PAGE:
The second week of the 2013 Legislature is not quite over, and already Nevadans have heard more open, honest discussions about state tax policy than they typically get in an entire regular session.
That’s a good thing. Previous years generally have followed the same script: Democrats coyly deny they want to raise taxes, all the while secretly developing a proposal for major tax hikes, then make the plan public at the last possible moment. At which point, having already killed every Republican bill that could be used as a bargaining chip to gather the votes needed to pass the tax hikes, Democrats bemoan the GOP’s reluctance to climb aboard their bandwagon.
But new Democratic leadership has brought a new approach. Assembly Speaker Marilyn Kirkpatrick, D-North Las Vegas, and Senate Majority Leader Mo Denis, D-Las Vegas, have been upfront about their goal of overhauling Nevada’s tax structure. Sen. Denis has made it pretty clear that he wants tax increases as part of those reforms, while Ms. Kirkpatrick says she is inclined to support revenue-neutral tax policy changes.
“It is our responsibility to get something done this session, and that is where we are headed,” Ms. Kirkpatrick told the Review-Journal’s capital bureau.
This debate has some urgency because of a Nevada State Education Association initiative to create a 2 percent margins tax on all business revenue beyond $1 million, with some deductions. The Legislature is expected to ignore or reject the petition, which would tax even businesses that lose money. That would send the plan to voters in November 2014.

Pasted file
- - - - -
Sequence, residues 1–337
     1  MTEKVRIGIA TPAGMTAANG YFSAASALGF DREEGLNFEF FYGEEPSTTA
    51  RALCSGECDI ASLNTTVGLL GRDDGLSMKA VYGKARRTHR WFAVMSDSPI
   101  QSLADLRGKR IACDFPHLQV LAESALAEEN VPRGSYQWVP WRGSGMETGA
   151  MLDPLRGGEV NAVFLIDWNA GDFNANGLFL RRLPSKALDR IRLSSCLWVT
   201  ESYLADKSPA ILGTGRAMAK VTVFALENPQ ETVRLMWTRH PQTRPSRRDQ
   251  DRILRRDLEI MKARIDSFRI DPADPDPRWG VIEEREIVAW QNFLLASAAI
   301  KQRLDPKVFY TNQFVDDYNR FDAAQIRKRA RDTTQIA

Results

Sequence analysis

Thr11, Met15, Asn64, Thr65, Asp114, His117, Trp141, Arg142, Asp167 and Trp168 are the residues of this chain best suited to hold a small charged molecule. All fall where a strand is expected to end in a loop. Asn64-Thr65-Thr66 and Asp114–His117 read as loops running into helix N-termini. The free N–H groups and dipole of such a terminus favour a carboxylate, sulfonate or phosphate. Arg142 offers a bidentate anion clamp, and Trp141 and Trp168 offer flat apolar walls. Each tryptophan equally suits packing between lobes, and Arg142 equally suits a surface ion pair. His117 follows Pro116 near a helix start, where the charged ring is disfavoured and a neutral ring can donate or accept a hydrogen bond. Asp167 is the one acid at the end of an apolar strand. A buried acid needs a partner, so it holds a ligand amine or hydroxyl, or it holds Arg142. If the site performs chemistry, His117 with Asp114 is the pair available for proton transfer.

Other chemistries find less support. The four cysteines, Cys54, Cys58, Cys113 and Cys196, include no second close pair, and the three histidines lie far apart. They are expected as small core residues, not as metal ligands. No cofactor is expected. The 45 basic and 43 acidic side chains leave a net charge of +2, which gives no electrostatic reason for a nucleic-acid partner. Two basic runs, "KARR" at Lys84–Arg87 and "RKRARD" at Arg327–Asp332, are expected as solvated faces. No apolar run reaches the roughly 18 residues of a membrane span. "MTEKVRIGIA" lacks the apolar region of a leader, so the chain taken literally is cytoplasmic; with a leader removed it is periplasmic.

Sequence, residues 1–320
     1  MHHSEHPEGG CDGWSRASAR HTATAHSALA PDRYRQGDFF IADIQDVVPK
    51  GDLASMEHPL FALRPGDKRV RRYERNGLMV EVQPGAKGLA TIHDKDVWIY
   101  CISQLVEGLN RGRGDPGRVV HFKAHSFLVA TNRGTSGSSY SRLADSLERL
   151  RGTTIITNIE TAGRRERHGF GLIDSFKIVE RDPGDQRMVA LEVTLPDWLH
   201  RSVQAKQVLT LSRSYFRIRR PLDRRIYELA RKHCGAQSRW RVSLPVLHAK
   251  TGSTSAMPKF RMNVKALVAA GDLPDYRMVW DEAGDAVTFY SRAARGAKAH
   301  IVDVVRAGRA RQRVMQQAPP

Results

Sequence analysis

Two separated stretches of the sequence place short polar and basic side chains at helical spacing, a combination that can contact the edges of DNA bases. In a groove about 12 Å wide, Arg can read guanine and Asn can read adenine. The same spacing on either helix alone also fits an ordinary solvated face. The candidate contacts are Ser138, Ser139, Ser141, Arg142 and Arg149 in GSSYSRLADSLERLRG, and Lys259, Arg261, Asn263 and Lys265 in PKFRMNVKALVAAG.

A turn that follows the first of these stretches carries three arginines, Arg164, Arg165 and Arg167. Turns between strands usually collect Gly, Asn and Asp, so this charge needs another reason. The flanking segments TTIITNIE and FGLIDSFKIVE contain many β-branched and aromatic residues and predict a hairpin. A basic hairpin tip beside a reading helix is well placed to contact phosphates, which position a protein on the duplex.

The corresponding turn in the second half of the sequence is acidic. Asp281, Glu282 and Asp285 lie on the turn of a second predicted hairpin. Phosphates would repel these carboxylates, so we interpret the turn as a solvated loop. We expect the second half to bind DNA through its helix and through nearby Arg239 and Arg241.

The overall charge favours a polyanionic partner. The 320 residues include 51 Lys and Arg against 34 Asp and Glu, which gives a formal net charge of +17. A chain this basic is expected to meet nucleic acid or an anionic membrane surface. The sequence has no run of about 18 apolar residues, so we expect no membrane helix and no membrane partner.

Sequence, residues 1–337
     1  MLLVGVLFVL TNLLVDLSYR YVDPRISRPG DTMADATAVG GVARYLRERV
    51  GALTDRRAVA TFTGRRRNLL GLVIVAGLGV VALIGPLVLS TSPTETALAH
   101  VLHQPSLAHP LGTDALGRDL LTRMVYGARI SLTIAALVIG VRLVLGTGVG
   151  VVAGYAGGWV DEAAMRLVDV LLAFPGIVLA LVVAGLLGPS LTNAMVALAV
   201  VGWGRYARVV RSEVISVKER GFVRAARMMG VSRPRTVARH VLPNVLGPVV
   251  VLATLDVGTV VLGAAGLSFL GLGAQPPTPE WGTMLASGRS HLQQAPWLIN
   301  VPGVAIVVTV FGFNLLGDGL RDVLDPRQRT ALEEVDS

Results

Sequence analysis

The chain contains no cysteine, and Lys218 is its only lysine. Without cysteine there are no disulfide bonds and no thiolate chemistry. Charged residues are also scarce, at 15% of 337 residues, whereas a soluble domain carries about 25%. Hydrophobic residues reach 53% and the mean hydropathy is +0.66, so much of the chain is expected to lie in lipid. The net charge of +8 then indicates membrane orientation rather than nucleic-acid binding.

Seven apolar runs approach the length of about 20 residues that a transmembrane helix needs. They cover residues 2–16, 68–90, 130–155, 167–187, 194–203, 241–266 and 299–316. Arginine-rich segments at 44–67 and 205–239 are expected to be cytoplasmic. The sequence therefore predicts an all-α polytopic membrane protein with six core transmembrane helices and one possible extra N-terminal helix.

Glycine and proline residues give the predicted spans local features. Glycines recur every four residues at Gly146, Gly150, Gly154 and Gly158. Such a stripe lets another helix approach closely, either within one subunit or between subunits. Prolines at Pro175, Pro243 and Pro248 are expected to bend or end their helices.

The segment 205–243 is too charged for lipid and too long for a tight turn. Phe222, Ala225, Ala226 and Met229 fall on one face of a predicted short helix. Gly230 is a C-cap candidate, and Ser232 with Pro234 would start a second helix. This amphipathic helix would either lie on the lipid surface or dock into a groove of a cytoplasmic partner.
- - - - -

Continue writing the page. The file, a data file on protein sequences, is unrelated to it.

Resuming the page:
No one, not even the teachers union, wants to see the margins tax hit employers on top of new ObamaCare burdens and the state’s current Modified Business Tax, or payroll tax, which penalizes pay raises and job creation. So tax reforms are expected to propose new levies, such as a services tax, that could replace the payroll tax. Anything that might stimulate job creation in the state with the nation’s highest unemployment rate is worthy of open discussion.
But it will be important for lawmakers to get to the nuts and bolts of new taxes very soon. Sen. Denis is plotting a familiar course in Carson City, where lawmakers spend months determining whether the governor’s budget adequately funds state services before launching the discussion on the size of the tax increases Democrats want. There’s no reason lawmakers can’t simultaneously have public debate on new levies, giving them time to root out potential unintended consequences. Talk tax structure now, tax rates later. There are just over 100 days left in the session.
There’s another important consideration here: Democrats will need at least one Republican vote in the Assembly and three GOP votes in the Senate to get what they want. GOP lawmakers have said they support Republican Gov. Brian Sandoval opposition to tax increases beyond those that extend temporary levies an additional two years.
If majority Democrats are serious about passing their agenda, it will take political good will to bring aboard Republican support. That means committee hearings for the kinds of GOP bills that typically never see the light of day: construction defect reform, collective bargaining reform, pension reform, education reform and campaign transparency. Let’s see open debate on these issues, too.
Is some kind of grand bargain possible in Carson City? It’s too soon to tell. But the 2013 session is off to a promising start.